Passports will soon be needed again to fly to Canada, Mexico and the Caribbean

By the end of the month, air travelers will again need passports when flying between the USA and Canada, Mexico and the Caribbean (including Bermuda). Faced with an overwhelming backlog of passport applications, the Department of Homeland Security (DHS) issued a temporary ruling in June that allowed air travelers to fly as long as they carried proof that their passports were pending, according to Travel Weekly (free registration).

But with that temporary reprieve about to expire, the DHS sent out a press release yesterday “reminding air carriers and the traveling public that the temporary Western Hemisphere Travel Initiative (WHTI) accommodation allowing U.S. citizens to travel by air within the Western Hemisphere using a Department of State (DOS) official proof of passport application receipt will end as scheduled at midnight on Sept. 30.” Next year, the law will be extended to include land border crossings, according to Travel Weekly.

Travel with Extra Oxygen

Did you know that you can also travel with extra oxygen? I am sure majority would say a big “No”. Till last midnight, I was also on the same page. But, now I can say it is indeed possible. I came across a website “Oxygen Freedom“. They deal in portable oxygen concentrators.

The use of oxygen concentrators began in July 2005 when FAA approved portable oxygen concentrators (POCs) for use during flight.

What is Portable Oxygen Concentrator?

A Portable Oxygen Concentrator is a lightweight unit that can run on AC, DC and battery power. This allows users to remain away from home for indefinite periods of time while using a portable oxygen concentrator. The development of the portable oxygen concentrator has opened endless possibilities for oxygen dependent people. Oxygen patients are free to travel like never before.

Currently, the following airlines allow the use of the portable oxygen concentrators onboard their aircraft:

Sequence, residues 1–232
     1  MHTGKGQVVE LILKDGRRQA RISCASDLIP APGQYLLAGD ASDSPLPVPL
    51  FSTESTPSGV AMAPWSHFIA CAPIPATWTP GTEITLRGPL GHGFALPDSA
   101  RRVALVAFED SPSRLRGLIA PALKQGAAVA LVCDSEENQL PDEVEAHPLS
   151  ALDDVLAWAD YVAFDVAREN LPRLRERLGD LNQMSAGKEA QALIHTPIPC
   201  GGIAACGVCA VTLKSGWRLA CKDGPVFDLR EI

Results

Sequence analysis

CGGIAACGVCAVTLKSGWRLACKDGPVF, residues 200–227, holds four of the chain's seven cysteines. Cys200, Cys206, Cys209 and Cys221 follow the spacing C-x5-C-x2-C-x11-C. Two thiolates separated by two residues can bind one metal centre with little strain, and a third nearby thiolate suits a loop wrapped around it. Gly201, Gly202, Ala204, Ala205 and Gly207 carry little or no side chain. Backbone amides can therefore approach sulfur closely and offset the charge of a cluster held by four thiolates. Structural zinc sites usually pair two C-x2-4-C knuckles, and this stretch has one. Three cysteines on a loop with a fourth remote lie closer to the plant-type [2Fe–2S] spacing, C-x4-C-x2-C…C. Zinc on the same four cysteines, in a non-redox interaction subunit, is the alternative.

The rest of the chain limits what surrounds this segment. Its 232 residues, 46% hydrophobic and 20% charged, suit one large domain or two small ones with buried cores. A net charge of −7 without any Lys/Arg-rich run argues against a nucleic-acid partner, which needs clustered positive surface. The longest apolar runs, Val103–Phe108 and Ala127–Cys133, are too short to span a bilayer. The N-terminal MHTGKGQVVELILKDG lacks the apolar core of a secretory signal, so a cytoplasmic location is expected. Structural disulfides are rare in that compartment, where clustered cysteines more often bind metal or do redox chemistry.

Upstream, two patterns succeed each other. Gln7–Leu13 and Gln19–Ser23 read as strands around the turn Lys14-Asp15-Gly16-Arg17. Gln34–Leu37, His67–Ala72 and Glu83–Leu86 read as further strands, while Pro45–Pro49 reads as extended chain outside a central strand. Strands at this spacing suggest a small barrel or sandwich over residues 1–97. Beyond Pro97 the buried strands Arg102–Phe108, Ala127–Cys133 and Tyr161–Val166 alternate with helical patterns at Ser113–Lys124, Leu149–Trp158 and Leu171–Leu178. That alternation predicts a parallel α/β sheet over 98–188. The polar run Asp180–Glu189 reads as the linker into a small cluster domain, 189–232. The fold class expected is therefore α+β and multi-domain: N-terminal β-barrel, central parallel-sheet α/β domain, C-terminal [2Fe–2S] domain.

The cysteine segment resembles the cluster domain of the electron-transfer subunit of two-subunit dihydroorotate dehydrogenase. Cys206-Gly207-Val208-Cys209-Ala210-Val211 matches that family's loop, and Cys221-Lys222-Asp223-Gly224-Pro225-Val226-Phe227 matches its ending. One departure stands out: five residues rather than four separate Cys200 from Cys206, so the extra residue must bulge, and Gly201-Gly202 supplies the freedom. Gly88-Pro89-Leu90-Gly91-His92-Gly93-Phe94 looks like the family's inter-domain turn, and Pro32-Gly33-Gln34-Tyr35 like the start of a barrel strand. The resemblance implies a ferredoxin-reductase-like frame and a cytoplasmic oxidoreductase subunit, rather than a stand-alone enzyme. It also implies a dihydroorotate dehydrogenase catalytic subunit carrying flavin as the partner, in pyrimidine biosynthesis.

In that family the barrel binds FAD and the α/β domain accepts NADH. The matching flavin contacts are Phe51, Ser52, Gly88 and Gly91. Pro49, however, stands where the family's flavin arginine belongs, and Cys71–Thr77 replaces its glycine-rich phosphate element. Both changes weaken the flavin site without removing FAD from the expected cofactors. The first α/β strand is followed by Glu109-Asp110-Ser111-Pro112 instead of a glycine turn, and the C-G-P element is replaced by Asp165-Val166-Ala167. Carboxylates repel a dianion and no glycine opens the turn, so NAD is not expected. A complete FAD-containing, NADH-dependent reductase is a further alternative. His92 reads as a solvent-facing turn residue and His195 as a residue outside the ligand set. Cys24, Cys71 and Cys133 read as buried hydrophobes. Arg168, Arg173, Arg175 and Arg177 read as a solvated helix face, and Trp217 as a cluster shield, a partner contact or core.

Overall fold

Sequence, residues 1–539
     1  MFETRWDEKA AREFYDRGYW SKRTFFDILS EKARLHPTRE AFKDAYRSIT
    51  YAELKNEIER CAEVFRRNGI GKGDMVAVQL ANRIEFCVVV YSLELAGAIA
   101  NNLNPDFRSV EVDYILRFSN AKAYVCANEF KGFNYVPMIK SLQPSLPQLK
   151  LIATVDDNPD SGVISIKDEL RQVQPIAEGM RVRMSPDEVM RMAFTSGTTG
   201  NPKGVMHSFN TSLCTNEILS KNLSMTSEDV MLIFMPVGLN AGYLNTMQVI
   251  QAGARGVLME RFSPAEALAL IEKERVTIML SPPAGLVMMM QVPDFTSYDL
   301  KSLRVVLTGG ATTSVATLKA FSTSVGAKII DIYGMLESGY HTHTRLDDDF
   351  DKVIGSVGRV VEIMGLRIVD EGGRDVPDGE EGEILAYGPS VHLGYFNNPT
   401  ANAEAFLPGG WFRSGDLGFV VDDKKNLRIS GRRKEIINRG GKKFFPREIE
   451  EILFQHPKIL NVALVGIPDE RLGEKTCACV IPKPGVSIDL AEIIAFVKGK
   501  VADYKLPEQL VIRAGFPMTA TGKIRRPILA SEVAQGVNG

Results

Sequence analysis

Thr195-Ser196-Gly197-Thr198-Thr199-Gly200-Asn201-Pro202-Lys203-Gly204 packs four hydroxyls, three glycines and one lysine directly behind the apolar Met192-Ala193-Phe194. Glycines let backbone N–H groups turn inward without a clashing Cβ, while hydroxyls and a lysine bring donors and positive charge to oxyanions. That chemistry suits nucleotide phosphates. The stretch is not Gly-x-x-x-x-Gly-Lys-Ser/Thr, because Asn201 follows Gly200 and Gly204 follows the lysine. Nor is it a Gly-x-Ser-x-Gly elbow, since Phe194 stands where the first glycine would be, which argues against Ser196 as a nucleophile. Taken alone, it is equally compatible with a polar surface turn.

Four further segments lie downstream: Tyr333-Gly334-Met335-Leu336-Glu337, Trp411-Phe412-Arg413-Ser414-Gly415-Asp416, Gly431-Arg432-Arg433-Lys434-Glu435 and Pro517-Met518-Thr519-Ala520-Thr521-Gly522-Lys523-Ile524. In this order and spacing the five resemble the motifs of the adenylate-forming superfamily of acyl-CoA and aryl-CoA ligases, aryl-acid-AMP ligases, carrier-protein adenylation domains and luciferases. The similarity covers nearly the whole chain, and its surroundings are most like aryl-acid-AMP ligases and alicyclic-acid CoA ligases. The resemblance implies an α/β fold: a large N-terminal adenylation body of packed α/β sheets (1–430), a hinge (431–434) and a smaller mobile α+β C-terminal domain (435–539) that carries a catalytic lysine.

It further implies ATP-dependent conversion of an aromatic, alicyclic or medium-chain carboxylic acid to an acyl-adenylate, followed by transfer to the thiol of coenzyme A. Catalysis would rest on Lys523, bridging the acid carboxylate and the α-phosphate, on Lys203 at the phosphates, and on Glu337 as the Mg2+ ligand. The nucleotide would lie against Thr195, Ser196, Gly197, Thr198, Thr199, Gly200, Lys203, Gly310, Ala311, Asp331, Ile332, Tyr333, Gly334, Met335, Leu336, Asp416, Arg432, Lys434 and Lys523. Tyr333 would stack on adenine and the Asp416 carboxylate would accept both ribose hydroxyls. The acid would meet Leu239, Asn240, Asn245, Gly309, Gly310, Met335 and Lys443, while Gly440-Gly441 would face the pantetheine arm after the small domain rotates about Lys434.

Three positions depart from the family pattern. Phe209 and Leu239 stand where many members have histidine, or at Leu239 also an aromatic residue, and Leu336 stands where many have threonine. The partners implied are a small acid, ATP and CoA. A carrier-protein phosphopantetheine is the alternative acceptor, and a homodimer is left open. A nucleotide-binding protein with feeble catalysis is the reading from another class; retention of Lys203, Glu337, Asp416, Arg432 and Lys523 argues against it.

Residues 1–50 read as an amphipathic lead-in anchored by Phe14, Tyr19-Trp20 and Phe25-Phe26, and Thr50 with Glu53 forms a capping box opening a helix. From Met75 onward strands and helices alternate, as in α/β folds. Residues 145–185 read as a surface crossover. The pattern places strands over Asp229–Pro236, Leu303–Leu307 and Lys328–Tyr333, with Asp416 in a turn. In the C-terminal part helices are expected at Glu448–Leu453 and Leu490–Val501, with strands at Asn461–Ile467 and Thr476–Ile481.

• Air France
  • Alaska Airlines
  • Allegiant Air
  • Aloha Airlines
  • American Airlines
  • America West
  • ATA Airlines
  • Avianca Airlines
  • Continental Airlines
  • Delta
  • Frontier
  • Hawaiian Airlines
  • Horizon Air
  • Lufthansa
  • Mango
  • Mesa Airlines
  • Midwest Airlines
  • Northwest Airlines
  • Qantas
  • SAS Airlines
  • Sky West
  • South African Airways
  • Southwest
  • Sun Country
  • US Airways
  • WestJet Airlines

Carry-on liquid ban will stay for foreseeable future

You are out of luck if you’re hoping for a change to Transportation Security Administration’s ban taking liquids and gels past security in your carry-on luggage. Those restrictions are “here for the foreseeable future,” Kathy Kraninger, director of the Dept. of Homeland Security’s Office of Screening Coordination, says to Travel Weekly (free registration). The TSA first put the liquid and gel restrictions on carry-on luggage in August after a British authorities uncovered a terrorist plot to use liquid explosives on trans-Atlantic aircraft.

Those rules were somewhat relaxed in September when fliers got the OK to carry liquids and gels such as toothpaste and contact solution past security in containers of three ounces or less. Even then, liquids were still required to be placed in a single quart-sized, clear plastic zip-top bags to clear security. Despite the relaxation, the ban has remained unpopular with many fliers. Travel Weekly says Kraninger made her comments in “responding to a delegate’s question following her speech to the Association of Corporate Travel Executives’ conference [in Miami.] Kraninger said the DHS has not identified technology up to the task of identifying liquid explosive materials.”

This Summer can ruin the party for air travellers

According to the Devner Post, “if thunderstorms hit this summer, airline travel could be a string of hassles and delays” all over again. Many airlines are leaner and operating fuller flights, while some carriers’ pilots and other employees are butting heads with management over executive compensation and labor contracts. Meanwhile, federal officials are trying to work with an aging air-traffic-control system,” the paper writes.

“We’re very concerned about this summer’s airline schedule,” John Prater, president of the Air Line Pilots Association, says to the Post. “I believe it’s going to be as bad as the summer of 2000.” Prater points out that many airlines have replaced bigger planes with more-frequent flights on smaller aircraft. That, he says, makes problems more likely. “You’ve got more business jets in the air, and you’ve got an air-traffic-control system that has not been modernized. There’s not any more runways. … That combination is not good for our industry,” he says.